This wild turkey recipe will give you mouth watering flavor without over drying the meat.
Often, turkey hunters long to carve out wild turkey breast meat and throw them directly over a fire after a successful spring outing. In fact, it’s a ritual for some turkey hunters. However, it is very easy to overcook the outer layers of a turkey breast by simply throwing it over a fire. When dealing with a hunk of meat the size of your head, by the time the middle reaches 155 degrees Fahrenheit, the outer layers will be dry and well-well-done due to high heat methodology.
To avoid overcooking your wild turkey breasts, either carve up the breast and cook pieces separately or keep it whole. If you’re keeping the breast whole during cooking, we want to cook the meat slowly, allowing a low-heat temperature to move slowly through the meat. To do this, I recommend a sous vide cooker. If you don’t own one, you can try a similar technique in your oven, assuming your oven will go as low as 150 Fahrenheit (or potentially lower).
Turkey breasts can also be smoked whole. However, I don’t recommend going above 160 degrees when cooking a whole breast under any circumstances. Instead, finish with a sear to put a nice crust on the breast meat while keeping the meat’s internal temperature at 155. You don’t want the internal temperature of the meat to get hotter than this, which includes during the resting period when that internal temp continues to rise. Instead of a white meat appearance running through the entire breast, we want a slight blush in the meat that’s the color of a cheap rosé.
Turkey breast sizes vary. That means cooking directions vary, too. I cover this in detail below.
Delicious Wild Turkey Breast Recipe
- 1 whole wild turkey breast likely at least 3 pounds
- Dustings of kosher salt and freshly cracked black pepper
- 2 Honeycrisp (or similar) apples sliced
- 1 garlic bulb peeled and cloves cracked
- 1 sprig fresh rosemary
- 2-3 sprigs fresh thyme
- 2-3 sprigs fresh sage
- 2-3 sprigs fresh oregano
- ½ cup white wine
- 1 carton of chicken stock *If you’re using your oven
- Olive oil for coating ahead of searing
- Lightly dust the turkey breast with kosher salt and freshly cracked black pepper. Seal the turkey breast in the sous vide bag with sliced apples, crushed garlic cloves, fresh herbs, and a little white wine. Allow this mixture to marinade in the fridge for a few hours.
- To sous vide cook, if you’re working with a turkey breast larger than two pounds, set sous vide to 140 degrees. If the breast is smaller than two pounds (think of a young jake), set your sous vide to 130 degrees.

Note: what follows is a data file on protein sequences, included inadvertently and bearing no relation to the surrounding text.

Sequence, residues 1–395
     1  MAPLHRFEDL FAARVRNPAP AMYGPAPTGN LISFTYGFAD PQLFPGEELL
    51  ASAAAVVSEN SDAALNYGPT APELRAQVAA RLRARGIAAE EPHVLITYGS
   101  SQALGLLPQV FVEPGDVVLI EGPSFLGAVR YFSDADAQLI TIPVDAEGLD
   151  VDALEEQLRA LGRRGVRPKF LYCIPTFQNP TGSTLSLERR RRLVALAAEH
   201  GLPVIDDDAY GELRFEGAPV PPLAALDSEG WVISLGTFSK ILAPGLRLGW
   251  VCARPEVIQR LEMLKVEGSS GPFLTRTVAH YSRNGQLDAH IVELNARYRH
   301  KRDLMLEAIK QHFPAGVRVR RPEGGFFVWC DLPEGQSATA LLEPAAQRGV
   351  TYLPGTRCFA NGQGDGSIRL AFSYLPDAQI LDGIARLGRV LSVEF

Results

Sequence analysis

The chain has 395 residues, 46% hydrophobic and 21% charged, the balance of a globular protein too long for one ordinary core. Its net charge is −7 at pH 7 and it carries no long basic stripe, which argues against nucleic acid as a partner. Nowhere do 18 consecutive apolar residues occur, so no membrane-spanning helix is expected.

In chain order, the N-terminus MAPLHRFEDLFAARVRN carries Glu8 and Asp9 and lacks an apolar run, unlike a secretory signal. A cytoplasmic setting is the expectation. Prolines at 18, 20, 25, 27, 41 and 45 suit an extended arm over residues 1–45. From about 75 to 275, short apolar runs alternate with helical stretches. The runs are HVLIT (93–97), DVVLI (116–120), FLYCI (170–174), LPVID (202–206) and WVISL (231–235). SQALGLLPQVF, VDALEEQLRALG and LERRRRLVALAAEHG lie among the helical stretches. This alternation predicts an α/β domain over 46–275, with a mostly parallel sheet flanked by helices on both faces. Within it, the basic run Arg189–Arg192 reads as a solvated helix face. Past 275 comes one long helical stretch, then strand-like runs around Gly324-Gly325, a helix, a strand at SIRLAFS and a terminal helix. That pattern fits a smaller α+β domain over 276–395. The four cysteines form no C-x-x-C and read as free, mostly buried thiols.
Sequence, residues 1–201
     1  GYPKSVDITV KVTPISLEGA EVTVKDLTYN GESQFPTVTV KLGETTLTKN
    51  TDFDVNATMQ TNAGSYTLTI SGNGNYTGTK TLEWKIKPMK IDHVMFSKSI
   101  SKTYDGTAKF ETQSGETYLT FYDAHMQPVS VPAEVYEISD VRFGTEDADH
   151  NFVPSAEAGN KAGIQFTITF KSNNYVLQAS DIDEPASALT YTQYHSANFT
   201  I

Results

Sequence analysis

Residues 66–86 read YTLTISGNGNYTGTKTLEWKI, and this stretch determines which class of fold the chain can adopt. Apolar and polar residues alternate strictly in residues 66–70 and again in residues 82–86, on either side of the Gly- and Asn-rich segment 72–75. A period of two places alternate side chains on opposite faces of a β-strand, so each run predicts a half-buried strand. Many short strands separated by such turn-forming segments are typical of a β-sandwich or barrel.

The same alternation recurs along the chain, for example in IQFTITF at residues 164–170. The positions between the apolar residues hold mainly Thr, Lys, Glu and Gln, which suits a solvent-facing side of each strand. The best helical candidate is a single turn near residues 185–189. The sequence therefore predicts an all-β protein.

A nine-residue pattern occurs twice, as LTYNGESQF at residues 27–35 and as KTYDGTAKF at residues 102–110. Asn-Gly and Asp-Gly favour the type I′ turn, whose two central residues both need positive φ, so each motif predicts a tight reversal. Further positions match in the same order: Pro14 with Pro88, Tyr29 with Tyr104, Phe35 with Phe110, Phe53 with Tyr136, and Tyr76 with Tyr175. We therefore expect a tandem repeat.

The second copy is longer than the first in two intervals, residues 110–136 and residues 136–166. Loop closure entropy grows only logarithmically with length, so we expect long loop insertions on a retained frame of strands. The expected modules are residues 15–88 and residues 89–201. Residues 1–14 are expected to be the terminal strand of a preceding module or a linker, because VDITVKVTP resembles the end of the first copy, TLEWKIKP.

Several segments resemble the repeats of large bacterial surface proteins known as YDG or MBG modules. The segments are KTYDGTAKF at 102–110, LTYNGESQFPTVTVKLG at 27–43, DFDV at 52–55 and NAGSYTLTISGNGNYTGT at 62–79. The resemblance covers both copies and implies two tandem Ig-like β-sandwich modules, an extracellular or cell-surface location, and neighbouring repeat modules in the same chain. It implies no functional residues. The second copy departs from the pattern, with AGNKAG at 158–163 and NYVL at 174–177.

- If the sous vide is set to 140 for a larger breast, sous vide cook for three hours. If it’s set to 130 for smaller breasts, sous vide cook for two hours. When finished, remove the breast from the bag and pat it dry. Then, heat a skillet or grill to 600 degrees. Lightly coat the breast meat with olive oil and sear each side for one minute. Allow the breast to rest for 10 minutes before carving.
- If you don’t have a sous vide and need to use an oven, lightly dust your turkey breast with kosher salt and freshly cracked black pepper. Put it in an oven-safe baking dish. Add your sliced apples, garlic, and herbs overtop. Add one cup of white wine and enough chicken stock to cover the ingredients. Cover the tray with aluminum foil and place it in an oven set to 150 degrees. Bake for two hours for larger breasts and 1.5 hours for smaller breasts. When done, remove the breast, pat it dry, lightly coat it with olive oil, and sear each side for one minute on a 600-degree skillet or grill.
- Wait 10 minutes before carving.
Jack Hennessy grew up in the South Suburbs of Chicago and didn't start hunting until he attended graduate school in Spokane, Washington, at the age of 26. Hennessy began work in professional kitchens in high school but didn't start writing wild game recipes until he joined the Spokesman-Review in 2014. Since then, his recipes have appeared with Petersen's Hunting, Backcountry Journal, Gun Dog Magazine, among many others. He now lives with his wife, daughter, and Wirehaired Vizsla, Dudley, in Wichita, Kansas.